A new proof-of-concept (PoC) exploit has been demonstrated that fakes a reboot or shutdown of iPhones to prevent malware from being removed. Called NoReboot, it further allows secret snooping on microphones and obtaining sensitive data using the network connection.
What has been discovered
Security researchers from ZecOps have created a PoC tool that simulates a shutdown of phones, without actually doing so, thus triggering the malicious activities when it is least expected.
When a user presses the Power Off button, the PoC fakes a shutdown by disabling key indicators of the phone. It makes the user think that the power is off and they release the power button before it was meant to.
When the power button is pressed again, it also displays the device boot animation, which gives an impression of the actual boot process.
After observing a fake shutdown/restart, the user is returned to a usable UI with all processes and services running as expected, with no sign that they are fooled and went through a fake restart.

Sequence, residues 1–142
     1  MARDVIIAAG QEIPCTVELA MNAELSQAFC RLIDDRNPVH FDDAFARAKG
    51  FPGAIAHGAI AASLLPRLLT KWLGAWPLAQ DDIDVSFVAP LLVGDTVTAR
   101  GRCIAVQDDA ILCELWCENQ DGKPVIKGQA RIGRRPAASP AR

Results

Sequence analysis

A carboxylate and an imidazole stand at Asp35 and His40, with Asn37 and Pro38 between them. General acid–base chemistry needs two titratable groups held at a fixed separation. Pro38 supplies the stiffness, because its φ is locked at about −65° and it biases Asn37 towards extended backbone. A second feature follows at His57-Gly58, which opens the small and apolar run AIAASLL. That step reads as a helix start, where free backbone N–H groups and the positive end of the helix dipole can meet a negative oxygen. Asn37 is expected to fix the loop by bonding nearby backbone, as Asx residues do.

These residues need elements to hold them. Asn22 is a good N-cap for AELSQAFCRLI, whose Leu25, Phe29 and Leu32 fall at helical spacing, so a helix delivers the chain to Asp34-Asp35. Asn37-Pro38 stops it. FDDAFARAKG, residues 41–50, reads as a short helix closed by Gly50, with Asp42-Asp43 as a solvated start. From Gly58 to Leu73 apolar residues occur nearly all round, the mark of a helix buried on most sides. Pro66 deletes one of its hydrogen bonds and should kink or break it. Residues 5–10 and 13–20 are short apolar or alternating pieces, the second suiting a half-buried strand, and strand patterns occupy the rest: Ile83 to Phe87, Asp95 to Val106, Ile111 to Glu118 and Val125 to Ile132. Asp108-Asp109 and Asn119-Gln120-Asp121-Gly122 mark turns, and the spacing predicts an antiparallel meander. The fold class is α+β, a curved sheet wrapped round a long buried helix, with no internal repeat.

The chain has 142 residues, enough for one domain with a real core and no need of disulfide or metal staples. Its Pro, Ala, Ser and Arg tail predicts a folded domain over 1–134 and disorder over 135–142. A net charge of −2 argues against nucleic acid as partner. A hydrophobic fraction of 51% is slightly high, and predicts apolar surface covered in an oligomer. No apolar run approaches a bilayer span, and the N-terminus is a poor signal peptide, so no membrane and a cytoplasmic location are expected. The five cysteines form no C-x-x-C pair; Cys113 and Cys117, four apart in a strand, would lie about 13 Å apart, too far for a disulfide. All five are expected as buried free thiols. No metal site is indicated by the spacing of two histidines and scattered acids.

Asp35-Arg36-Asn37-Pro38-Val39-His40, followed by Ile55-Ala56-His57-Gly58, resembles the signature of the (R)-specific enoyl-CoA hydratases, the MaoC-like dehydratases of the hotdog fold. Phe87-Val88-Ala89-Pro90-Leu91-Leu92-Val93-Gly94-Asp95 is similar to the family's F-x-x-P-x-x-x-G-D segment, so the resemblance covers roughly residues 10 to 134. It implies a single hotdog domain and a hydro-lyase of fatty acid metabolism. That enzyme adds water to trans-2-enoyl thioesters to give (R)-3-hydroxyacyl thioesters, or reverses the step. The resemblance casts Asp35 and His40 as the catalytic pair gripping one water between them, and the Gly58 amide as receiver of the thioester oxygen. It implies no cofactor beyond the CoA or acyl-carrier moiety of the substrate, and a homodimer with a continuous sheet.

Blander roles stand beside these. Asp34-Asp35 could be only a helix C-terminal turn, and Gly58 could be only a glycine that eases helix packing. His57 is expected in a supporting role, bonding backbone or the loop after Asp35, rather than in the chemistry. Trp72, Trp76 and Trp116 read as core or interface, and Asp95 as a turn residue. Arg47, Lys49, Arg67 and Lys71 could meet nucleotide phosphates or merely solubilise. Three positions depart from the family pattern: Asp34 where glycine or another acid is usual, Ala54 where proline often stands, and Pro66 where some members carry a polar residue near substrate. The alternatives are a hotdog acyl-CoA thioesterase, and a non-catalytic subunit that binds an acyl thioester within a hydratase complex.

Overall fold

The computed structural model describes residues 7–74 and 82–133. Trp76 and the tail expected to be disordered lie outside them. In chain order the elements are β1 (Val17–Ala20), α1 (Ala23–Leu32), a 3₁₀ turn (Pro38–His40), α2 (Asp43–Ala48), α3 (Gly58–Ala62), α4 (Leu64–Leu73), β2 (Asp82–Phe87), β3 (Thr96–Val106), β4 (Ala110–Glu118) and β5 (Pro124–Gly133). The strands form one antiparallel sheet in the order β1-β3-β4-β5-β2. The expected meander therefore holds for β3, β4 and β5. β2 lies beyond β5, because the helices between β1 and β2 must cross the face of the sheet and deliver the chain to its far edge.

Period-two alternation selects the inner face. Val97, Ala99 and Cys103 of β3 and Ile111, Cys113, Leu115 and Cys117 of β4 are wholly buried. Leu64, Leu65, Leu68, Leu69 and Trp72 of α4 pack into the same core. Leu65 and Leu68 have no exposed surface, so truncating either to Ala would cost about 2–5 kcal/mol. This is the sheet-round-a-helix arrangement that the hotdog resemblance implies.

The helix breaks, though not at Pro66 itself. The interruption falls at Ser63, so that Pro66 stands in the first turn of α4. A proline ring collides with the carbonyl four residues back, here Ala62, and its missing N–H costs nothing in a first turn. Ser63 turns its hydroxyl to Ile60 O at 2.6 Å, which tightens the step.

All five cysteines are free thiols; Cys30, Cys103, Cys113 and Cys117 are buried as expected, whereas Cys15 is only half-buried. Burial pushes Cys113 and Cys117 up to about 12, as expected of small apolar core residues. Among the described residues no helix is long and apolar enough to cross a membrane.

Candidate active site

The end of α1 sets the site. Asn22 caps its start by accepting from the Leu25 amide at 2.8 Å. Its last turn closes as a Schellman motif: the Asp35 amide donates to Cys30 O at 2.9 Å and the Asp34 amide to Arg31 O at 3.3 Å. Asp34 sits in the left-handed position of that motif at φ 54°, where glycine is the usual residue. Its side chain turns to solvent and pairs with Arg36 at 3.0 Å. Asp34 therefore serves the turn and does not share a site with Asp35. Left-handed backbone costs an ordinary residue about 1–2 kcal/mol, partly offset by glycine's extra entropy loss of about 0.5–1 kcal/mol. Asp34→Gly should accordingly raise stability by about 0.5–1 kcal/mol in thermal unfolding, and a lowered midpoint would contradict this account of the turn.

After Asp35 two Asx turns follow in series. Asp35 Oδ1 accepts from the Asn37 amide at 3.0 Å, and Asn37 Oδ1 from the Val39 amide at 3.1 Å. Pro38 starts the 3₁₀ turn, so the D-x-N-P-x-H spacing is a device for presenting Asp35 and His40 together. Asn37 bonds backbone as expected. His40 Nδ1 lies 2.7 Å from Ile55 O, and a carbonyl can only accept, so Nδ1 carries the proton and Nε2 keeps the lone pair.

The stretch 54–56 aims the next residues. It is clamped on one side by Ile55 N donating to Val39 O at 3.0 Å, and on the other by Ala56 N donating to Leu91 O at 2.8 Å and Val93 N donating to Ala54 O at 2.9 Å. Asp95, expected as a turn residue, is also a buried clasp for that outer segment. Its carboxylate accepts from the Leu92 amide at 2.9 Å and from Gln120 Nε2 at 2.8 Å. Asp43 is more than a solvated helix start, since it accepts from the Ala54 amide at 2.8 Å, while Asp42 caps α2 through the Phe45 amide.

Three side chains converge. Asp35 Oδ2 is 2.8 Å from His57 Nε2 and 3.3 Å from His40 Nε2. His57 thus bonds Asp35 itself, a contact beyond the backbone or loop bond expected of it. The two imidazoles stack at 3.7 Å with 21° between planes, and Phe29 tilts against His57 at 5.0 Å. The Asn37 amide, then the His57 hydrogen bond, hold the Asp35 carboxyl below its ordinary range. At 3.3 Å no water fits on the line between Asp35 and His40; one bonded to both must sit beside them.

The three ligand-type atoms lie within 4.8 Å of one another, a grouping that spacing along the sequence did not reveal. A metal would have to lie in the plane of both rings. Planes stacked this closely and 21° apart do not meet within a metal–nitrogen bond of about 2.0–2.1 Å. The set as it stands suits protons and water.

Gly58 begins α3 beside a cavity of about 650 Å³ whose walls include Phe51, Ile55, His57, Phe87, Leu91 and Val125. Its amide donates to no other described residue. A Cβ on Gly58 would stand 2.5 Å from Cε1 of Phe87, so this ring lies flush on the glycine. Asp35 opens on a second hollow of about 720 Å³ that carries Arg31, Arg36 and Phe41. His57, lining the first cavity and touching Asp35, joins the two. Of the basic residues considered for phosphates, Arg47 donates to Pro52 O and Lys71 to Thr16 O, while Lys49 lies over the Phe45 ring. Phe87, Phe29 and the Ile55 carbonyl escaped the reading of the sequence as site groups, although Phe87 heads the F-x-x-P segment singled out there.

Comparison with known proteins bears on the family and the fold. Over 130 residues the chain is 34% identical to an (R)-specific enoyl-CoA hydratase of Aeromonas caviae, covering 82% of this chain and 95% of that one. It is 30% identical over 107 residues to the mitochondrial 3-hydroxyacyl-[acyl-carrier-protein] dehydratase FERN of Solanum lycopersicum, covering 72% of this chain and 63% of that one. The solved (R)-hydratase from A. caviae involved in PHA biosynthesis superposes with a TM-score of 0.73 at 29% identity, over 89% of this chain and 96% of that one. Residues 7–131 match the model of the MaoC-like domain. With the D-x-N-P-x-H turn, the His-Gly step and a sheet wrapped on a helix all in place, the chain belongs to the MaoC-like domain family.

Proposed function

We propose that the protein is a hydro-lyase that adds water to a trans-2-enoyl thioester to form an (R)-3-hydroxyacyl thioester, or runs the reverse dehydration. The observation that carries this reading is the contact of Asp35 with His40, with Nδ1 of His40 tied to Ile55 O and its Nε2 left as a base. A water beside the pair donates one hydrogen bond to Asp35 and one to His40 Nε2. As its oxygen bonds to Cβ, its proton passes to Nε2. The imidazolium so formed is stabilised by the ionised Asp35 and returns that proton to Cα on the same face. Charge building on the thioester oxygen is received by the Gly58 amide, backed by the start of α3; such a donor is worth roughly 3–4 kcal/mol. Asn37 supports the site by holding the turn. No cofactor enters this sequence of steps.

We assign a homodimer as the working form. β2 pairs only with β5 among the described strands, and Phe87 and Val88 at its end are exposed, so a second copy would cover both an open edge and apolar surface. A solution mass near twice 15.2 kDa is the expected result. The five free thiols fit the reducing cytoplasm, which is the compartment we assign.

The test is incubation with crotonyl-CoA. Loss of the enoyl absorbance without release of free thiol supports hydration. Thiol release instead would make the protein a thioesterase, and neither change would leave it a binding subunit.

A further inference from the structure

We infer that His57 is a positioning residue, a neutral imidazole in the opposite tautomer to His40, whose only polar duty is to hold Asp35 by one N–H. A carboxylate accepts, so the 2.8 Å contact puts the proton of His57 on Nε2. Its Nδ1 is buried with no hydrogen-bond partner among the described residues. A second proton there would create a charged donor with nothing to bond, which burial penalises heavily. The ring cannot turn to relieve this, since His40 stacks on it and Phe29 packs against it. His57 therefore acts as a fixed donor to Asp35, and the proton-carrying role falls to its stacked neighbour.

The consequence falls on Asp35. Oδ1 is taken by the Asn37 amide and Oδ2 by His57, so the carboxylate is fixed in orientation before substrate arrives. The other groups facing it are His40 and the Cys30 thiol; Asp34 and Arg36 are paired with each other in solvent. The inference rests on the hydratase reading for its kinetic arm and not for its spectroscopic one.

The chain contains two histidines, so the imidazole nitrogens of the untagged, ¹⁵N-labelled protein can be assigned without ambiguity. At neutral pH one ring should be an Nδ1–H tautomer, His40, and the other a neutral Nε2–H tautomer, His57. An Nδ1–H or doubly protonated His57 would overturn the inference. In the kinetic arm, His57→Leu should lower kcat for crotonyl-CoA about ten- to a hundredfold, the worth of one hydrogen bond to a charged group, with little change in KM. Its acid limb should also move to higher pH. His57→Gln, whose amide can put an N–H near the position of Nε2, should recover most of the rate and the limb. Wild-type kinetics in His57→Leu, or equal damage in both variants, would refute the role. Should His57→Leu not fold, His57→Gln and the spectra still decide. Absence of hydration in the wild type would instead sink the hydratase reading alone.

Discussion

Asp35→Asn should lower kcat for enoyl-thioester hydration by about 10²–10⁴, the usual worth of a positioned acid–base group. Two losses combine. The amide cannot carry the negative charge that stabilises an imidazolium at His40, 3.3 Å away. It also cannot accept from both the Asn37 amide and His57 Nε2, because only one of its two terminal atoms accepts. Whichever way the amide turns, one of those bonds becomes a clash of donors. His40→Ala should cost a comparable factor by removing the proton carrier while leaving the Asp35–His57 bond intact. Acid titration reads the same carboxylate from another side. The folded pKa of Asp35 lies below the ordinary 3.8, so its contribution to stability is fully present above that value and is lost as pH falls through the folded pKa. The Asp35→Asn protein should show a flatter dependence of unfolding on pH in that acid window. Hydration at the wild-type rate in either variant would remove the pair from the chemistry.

How does it happen
The PoC includes a specially crafted code injected on three iOS daemons that fake the shutdown process by disabling all key indicators.
The PoC tool hijacks the shutdown events by hooking a signal sent to the UI interaction daemon, SpringBoard.
It sends a code forcing SpingBoard to exit and make the device non-responsive to user input.
Consequently, a BackBoardd daemon is used to show the spinning wheel for displaying the ongoing shutdown process.
Using the visual pretense of the shutdown, malware creators can fool victims and even gain persistence on iOS devices. NoReboot technique counts on the fact that several social engineering hacks are designed not to target a specific technology, but to exploit human psychology itself.